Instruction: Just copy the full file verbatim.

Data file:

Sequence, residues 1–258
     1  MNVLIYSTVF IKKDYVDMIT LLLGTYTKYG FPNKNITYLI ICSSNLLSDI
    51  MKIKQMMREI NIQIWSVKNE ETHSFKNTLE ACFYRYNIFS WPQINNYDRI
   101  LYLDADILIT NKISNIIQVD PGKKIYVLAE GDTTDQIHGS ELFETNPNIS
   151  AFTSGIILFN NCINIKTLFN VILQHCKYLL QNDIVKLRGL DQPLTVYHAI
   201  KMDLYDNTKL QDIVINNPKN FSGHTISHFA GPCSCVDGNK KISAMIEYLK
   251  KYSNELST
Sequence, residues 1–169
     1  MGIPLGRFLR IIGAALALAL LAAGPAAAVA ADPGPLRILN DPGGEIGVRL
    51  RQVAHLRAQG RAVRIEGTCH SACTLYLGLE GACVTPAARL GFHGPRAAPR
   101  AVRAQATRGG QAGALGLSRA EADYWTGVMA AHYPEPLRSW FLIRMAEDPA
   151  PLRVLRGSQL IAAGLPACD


Sequence, residues 1–258
     1  MNVLIYSTVF IKKDYVDMIT LLLGTYTKYG FPNKNITYLI ICSSNLLSDI
    51  MKIKQMMREI NIQIWSVKNE ETHSFKNTLE ACFYRYNIFS WPQINNYDRI
   101  LYLDADILIT NKISNIIQVD PGKKIYVLAE GDTTDQIHGS ELFETNPNIS
   151  AFTSGIILFN NCINIKTLFN VILQHCKYLL QNDIVKLRGL DQPLTVYHAI
   201  KMDLYDNTKL QDIVINNPKN FSGHTISHFA GPCSCVDGNK KISAMIEYLK
   251  KYSNELST
Sequence, residues 1–169
     1  MGIPLGRFLR IIGAALALAL LAAGPAAAVA ADPGPLRILN DPGGEIGVRL
    51  RQVAHLRAQG RAVRIEGTCH SACTLYLGLE GACVTPAARL GFHGPRAAPR
   101  AVRAQATRGG QAGALGLSRA EADYWTGVMA AHYPEPLRSW FLIRMAEDPA
   151  PLRVLRGSQL IAAGLPACD